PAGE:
In another shot to the heart of the Bill of Rights and to the distress of civil liberties groups, the Supreme Court has broadened the powers of police search by “ruling that drug-sniffing dogs can be used to check out motorists even if officers have no reason to suspect they may be carrying narcotics.” This 6-2 decision (Rehnquist did not participate) came down upon hearing the case of Illinois v. Caballes. Pulled over for doing 71 mph in a 65 mph zone, Caballes’ car was then subjected to a drug dog search because troopers said he “seemed nervous.” This latest move not only redefines police powers but the word “reasonable” as well.
This is the last paragraph of a story in today’s Washington Post about Cheney’s hawkish comments regarding Iran:
The Pentagon has denied a report in the Jan. 24 issue of New Yorker magazine that the United States is conducting secret reconnaissance missions in Iran to identify potential nuclear targets.
The Pentagon never made such a denial. Here is what actually happened: on Jan. 17, Pentagon spokesman Larry DiRita released a statement about the New Yorker article, which was written by Seymour Hersh. The statement disputes Hersh on a few specifics — this meeting didn’t occur, this relationship doesn’t exist. But it does not specifically address the central claim that the U.S. is conducting secret missions in Iran. The DiRita statement does say, “Mr. Hersh’s preference for single, anonymous, unofficial sources for his most fantastic claims makes it difficult to parse his discussion of Defense Department operations.” But that is a lot different from saying that there are no secret U.S. military operations in Iran.
Yesterday, Don Imus asked Vice President Dick Cheney what mistakes he’d made in planning the war in Iraq. His reply? Blame Saddam. He said, “I think the hundreds of thousands of people who were slaughtered at the time, including anybody who had the gumption to stand up and challenge [Saddam], made the situation tougher than I would have thought…I would chalk that one up as a miscalculation, where I thought things would have recovered more quickly.”
Cheney might want to think about pointing that finger a little closer to home. Here are some replies that may have been a little more honest from the Vice President:
“We didn’t send enough troops in to quell the insurgency in the first place.”
L. Paul Bremer, the former head of the administration’s coalition provisional authority, admitted in October 2004 that the United States failed to deploy enough troops to Iraq in the beginning. According to Bremer, the lack of adequate forces hampered the occupation and efforts to end the looting immediately after the ouster of Saddam Hussein. “We paid a big price for not stopping it because it established an atmosphere of lawlessness. We never had enough troops on the ground,” he said.
“We thought political allegiance was a more important job requirement than know-how and left reconstruction in the hands of inexperienced party loyalists.”
The Washington Post reported last year the $13 billion reconstruction project in Iraq was headed up by young, inexperienced politicos whose main qualification was they’d applied for jobs with the Heritage Foundation. Clueless, they were unable to get the project up and running. Today, only $2.2 billion of the funds allocated for the reconstruction of Iraq have been distributed. In September, Sen. Chuck Hagel (R-NE) called that record “beyond pitiful and embarrassing; it is now in the zone of dangerous.” Two years after the invasion, Iraqis are suffering from major food shortages and the country is producing less electricity than it was before the war. In addition, the deterioration of water and sewage systems has led to the spread of hepatitis and outbreaks of typhoid fever.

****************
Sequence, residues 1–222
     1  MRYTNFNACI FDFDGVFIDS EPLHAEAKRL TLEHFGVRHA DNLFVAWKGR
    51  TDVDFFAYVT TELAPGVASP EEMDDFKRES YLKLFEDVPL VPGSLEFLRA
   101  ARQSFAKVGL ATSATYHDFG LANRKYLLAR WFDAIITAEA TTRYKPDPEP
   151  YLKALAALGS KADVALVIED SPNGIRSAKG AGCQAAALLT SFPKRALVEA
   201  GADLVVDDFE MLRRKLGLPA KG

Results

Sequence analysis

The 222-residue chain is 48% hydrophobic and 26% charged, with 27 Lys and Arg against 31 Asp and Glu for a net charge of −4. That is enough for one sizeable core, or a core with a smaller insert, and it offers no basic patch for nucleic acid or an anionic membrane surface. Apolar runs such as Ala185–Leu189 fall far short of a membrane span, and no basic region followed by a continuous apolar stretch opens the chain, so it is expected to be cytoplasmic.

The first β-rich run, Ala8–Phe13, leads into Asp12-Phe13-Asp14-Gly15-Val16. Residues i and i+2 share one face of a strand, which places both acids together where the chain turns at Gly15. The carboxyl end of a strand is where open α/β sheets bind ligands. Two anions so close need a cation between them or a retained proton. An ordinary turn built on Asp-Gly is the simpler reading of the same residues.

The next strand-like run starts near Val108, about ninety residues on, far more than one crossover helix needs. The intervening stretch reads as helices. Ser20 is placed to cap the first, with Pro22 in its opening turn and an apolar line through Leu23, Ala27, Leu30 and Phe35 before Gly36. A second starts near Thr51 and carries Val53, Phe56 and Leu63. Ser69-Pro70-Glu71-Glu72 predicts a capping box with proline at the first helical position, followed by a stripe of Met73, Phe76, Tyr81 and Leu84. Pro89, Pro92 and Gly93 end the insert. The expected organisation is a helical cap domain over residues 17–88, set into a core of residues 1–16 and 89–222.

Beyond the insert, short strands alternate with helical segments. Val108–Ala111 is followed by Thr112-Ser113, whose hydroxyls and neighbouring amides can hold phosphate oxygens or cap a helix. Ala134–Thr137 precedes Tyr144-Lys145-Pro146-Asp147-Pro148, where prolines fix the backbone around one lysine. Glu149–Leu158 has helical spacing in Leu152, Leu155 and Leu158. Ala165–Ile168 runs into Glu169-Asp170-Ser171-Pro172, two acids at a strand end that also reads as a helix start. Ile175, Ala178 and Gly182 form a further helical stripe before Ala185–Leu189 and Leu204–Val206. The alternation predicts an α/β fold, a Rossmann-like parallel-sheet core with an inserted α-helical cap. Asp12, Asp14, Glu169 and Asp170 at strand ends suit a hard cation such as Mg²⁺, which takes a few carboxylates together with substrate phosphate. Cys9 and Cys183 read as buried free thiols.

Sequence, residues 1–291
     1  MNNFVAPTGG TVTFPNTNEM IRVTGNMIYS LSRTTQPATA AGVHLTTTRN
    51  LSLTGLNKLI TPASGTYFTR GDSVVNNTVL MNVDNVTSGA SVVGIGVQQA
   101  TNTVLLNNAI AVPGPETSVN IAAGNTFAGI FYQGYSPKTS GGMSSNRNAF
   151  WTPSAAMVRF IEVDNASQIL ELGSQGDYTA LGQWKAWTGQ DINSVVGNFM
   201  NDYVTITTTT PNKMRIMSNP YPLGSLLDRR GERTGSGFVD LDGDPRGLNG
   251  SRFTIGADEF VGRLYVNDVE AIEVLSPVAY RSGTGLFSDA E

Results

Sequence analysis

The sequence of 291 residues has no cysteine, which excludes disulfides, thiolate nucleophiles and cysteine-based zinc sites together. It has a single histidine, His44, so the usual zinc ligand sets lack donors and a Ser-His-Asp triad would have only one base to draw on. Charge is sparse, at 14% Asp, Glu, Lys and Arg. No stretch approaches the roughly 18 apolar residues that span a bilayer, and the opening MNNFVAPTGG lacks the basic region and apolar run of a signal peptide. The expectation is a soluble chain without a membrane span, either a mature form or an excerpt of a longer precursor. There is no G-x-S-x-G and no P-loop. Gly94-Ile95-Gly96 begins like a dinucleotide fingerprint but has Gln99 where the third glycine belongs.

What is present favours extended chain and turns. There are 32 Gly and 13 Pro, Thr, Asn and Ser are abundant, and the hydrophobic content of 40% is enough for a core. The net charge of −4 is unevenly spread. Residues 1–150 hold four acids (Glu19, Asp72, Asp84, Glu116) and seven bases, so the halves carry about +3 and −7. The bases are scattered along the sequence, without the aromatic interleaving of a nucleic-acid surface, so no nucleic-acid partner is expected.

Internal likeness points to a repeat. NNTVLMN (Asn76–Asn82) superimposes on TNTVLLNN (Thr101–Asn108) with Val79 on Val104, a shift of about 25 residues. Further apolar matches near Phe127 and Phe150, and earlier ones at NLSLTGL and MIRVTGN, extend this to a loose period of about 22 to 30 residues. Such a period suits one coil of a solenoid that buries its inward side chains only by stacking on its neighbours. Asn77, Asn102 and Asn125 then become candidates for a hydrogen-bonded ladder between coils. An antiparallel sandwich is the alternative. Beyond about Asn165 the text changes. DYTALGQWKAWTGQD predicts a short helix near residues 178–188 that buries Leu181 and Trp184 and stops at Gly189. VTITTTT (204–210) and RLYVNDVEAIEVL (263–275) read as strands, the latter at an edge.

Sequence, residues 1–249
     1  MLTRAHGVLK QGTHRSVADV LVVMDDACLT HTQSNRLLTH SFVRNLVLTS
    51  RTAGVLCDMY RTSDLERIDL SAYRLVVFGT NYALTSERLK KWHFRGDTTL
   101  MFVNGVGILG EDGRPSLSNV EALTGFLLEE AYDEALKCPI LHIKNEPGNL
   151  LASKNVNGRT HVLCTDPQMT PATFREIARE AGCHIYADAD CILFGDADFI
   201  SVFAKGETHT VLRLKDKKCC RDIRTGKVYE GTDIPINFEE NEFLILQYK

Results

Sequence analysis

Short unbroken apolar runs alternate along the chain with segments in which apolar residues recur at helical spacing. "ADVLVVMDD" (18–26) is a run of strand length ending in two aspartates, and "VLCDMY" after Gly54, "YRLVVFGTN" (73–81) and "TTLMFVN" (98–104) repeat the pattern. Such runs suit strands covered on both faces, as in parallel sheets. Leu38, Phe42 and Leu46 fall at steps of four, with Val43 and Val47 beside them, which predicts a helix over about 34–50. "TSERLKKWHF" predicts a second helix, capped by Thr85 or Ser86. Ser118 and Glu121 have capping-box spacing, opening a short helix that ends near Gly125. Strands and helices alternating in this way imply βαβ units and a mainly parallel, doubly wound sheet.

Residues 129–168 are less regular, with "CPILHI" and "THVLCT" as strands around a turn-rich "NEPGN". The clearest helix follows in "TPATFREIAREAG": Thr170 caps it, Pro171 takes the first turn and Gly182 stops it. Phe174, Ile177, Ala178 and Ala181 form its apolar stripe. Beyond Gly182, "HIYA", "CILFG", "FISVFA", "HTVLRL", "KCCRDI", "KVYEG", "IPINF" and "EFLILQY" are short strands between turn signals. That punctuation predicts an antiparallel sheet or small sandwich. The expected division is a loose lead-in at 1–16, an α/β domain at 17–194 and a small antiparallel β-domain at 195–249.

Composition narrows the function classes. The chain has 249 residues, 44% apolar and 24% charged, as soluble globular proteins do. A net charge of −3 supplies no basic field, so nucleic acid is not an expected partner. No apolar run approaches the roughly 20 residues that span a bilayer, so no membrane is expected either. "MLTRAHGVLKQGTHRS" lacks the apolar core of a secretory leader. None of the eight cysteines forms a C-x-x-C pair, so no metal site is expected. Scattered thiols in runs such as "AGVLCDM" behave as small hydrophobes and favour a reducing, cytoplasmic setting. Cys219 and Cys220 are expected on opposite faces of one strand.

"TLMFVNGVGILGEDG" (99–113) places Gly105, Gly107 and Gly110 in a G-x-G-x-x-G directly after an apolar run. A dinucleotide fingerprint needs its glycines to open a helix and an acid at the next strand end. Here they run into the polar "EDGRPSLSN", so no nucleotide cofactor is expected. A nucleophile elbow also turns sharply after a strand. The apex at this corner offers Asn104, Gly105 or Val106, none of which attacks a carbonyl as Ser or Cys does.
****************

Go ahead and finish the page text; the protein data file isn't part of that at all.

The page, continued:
“We set up a legal framework for torture, which led to widespread abuse such as that seen at Abu Ghraib, which turned many Iraqis against us and strengthened the insurgency.”
Then-White House counsel Alberto Gonzales approved a series of memos which created a framework for torture. One memo contended the president “wasn’t bound by laws prohibiting torture and that government agents who might torture prisoners at his direction couldn’t be prosecuted by the Justice Department.” Another said that the pain caused by an interrogation must include “injury such as death, organ failure, or serious impairment of body functions — in order to constitute torture.” In July 2002, he also held secret meetings to discuss just how far the U.S. could go in interrogating suspects. Far from urging restraint, Gonzales was aggressive, wondering if in fact they were going far enough.
In his announcement today that he would be stepping down as FCC chairman, Michael Powell engaged in some self-congratulatory words about having “completed a ‘bold and aggressive agenda.’” Powell certainly had his own agenda (though with questionable priorities). And it certainly was both bold and aggressive. Fox Television provides a good example of just how much networks were in fear of Powell’s wielded power. A recent rebroadcast of a Family Guy cartoon “blurred a character’s posterior, even though the image was seen five years ago when the episode was originally aired.”
But in his censorship crusade, there were many duties and responsibilities that Powell never answered, let alone completed. Worse still, his championing of media consolidation came with seemingly little consideration of what happens when one agenda dominates the news. He won’t be missed.